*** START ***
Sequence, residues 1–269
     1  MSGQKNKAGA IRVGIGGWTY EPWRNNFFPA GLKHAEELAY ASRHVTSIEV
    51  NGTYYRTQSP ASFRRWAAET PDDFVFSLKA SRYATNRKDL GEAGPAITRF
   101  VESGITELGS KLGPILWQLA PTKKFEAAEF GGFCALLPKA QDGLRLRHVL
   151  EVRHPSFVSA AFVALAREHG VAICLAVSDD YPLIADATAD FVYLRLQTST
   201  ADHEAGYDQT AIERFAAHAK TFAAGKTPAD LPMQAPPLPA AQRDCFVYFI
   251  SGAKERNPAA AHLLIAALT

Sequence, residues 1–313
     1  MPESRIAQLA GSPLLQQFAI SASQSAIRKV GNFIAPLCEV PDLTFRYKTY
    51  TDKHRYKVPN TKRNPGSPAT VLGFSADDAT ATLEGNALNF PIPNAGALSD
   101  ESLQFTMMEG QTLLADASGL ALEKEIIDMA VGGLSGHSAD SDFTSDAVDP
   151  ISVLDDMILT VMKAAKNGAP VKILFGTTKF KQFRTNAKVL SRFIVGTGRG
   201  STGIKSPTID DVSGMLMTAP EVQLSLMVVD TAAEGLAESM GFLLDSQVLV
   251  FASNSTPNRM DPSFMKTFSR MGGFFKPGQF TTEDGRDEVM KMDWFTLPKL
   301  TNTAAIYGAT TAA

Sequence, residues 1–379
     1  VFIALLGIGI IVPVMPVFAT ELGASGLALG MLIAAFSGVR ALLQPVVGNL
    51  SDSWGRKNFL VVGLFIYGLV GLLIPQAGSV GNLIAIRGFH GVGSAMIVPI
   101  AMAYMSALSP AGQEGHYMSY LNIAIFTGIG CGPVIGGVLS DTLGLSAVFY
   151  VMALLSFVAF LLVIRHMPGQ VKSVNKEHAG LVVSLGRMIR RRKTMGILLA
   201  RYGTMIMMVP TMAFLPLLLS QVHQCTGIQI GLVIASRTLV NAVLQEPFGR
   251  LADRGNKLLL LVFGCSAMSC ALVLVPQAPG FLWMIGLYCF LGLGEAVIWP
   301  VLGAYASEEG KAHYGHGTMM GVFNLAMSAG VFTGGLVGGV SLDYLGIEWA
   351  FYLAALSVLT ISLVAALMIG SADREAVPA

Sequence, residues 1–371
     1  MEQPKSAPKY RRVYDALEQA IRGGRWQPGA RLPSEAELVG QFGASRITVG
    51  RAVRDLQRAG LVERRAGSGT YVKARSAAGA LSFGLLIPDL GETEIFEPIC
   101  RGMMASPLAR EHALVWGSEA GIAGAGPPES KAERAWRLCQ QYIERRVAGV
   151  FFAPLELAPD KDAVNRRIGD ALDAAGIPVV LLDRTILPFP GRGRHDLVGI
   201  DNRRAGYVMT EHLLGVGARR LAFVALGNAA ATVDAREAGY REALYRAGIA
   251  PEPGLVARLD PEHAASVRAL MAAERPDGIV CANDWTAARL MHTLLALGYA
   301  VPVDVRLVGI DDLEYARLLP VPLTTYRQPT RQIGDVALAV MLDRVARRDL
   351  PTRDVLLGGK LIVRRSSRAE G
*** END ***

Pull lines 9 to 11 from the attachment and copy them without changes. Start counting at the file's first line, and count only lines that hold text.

     1  MPESRIAQLA GSPLLQQFAI SASQSAIRKV GNFIAPLCEV PDLTFRYKTY
    51  TDKHRYKVPN TKRNPGSPAT VLGFSADDAT ATLEGNALNF PIPNAGALSD
   101  ESLQFTMMEG QTLLADASGL ALEKEIIDMA VGGLSGHSAD SDFTSDAVDP